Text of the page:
There’s a big part of all of us that doesn’t ever want to face our fears.
The fears operate in the backs of our minds, affecting our lives in so many ways: we procrastinate, lash out at others in frustration, hold ourselves back from connecting with others in a meaningful way, stop ourselves from finding our purpose or creating work that matters, and much more.
But we don’t face the fears, despite their power over us, because we don’t like even thinking about them. We don’t want to acknowledge them. And this is what gives them their power.
Today, I’m challenging you to change this.
I’m challenging you to take a small action each day to face your fears. To become fearless, one small step at a time.
From now until the end of the year, commit to a daily Fearless Session.
What’s a Fearless Session? It’s a few minutes of courage:
- Sit for a few minutes (3-4 minutes) simply facing your fears. Notice the fears that have been arising in you, and see how they affect your body. What feelings do they arise in you, physically? Be brave enough to sit with them as long as you can (feel free to stop if it gets too intense).
- Try to look at the fear with compassion. You are stressed or hurting in some way. Wish for an end to your stress or pain. Wish for your own happiness. Give yourself some love.
- Sit for another minute and try to see the goodness in yourself, underneath the fear. This takes practice, but start to see how wonderful you are, underneath everything. This goodness is always present, but we don’t often look at it. See the love, compassion, beauty, good intentions, kindness, that are inside of you all the time.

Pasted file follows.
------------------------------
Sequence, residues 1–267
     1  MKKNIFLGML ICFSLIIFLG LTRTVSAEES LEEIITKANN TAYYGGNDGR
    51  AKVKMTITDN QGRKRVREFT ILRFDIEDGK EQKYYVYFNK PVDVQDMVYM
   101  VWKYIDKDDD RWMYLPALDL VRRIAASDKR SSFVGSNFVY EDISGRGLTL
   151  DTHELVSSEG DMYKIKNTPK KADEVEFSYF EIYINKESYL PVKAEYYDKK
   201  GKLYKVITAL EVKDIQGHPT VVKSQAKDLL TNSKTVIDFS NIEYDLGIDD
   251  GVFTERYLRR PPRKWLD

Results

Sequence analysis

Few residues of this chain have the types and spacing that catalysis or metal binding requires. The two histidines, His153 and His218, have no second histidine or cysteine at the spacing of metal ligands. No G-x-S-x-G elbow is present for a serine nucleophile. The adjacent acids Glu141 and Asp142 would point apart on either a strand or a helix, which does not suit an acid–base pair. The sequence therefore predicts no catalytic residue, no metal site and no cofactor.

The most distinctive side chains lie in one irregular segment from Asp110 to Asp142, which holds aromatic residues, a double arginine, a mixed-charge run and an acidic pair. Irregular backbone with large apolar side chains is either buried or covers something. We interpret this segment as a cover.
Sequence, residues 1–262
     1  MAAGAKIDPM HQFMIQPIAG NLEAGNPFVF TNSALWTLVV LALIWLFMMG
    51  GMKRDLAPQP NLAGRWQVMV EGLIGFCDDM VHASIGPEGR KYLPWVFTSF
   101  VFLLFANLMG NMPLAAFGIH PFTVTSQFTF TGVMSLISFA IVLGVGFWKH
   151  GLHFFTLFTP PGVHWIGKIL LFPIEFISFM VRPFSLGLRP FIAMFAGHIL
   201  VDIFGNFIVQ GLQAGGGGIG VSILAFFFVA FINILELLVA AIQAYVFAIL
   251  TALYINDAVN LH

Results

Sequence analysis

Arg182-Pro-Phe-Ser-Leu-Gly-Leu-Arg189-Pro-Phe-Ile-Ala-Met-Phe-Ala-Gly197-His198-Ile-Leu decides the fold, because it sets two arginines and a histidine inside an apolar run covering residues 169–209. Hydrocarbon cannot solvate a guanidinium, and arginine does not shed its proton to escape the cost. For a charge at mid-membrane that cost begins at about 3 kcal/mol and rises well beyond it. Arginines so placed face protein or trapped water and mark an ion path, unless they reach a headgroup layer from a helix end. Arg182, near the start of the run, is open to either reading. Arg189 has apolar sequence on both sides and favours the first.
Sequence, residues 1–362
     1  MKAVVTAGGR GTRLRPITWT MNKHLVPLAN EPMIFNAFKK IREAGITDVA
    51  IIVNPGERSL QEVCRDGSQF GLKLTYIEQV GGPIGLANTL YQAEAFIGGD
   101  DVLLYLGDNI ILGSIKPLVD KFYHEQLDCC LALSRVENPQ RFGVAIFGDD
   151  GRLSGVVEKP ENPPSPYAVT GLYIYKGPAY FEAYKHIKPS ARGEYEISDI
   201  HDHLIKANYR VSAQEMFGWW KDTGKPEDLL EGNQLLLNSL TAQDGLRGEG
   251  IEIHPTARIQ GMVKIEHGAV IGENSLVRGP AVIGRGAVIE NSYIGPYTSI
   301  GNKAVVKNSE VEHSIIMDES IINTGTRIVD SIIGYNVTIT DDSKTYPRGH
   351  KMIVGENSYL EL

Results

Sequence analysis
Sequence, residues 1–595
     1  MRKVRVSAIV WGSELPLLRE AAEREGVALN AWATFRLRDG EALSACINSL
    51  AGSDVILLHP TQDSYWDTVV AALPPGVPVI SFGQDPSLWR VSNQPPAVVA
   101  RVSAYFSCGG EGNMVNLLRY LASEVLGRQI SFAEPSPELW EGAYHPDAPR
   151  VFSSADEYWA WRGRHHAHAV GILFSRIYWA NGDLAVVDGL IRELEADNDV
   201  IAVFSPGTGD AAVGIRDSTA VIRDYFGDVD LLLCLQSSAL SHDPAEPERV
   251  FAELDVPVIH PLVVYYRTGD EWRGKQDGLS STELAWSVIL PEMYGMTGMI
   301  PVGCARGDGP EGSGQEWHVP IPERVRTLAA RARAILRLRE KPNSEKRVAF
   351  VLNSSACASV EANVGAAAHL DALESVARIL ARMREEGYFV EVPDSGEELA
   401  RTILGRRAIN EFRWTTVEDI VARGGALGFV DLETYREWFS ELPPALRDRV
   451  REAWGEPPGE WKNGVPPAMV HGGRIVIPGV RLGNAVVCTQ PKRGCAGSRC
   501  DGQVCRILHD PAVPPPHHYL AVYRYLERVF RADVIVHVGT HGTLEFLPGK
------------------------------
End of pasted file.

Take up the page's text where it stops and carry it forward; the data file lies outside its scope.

It should only take about 5 minutes total, though you can start by doing just a few minutes. I recommend starting a timer for 5 minutes (or 3 to start out if you want).
Why This Matters
Why bother doing this challenge? Because fears control us, but we don’t have to continue with that pattern. We can find the courage to face our fears, in small doses, and find compassion for them. This can help melt the fears and change our mental patterns, so we’re not so caught up in our stories about them.
Over time, you might notice yourself catching your fears during the day, when you’re not doing a Fearless Session. You might see the fear starting up, and then stop yourself from building it into something bigger. You might stay with the physical feeling of it starting, and then all of a sudden you’re back to the present moment, awake to what’s going on right now. This waking up in the moment of starting the fear train is a really valuable skill.
The last part, of seeing the goodness in yourself, is a fascinating exercise. This goodness is in all of us, all the time, but we don’t often notice it. It’s underlying everything we do, even the fear — we have good-hearted intentions, and we fear they won’t come true.
If we start to see the goodness in ourselves, that’s there all the time, we start to have confidence that we’re good enough. We doubt ourselves less, have less fear that things will go wrong, because we have a basic confidence that we’ll be OK no matter what situation arises.
Think about this: if you fear messing up, and hope for success … what happens if you are confident in your goodness and think you’ll be OK no matter how you do? You can just do the job, make the presentation, take on the project, without fear that things will not go the way you want. Because even in that case, you’ll be fine, you’ll figure it out from there.
Stopping our mental patterns, finding compassion for the pain of fear, and seeing our basic goodness — these are the antidotes to fear.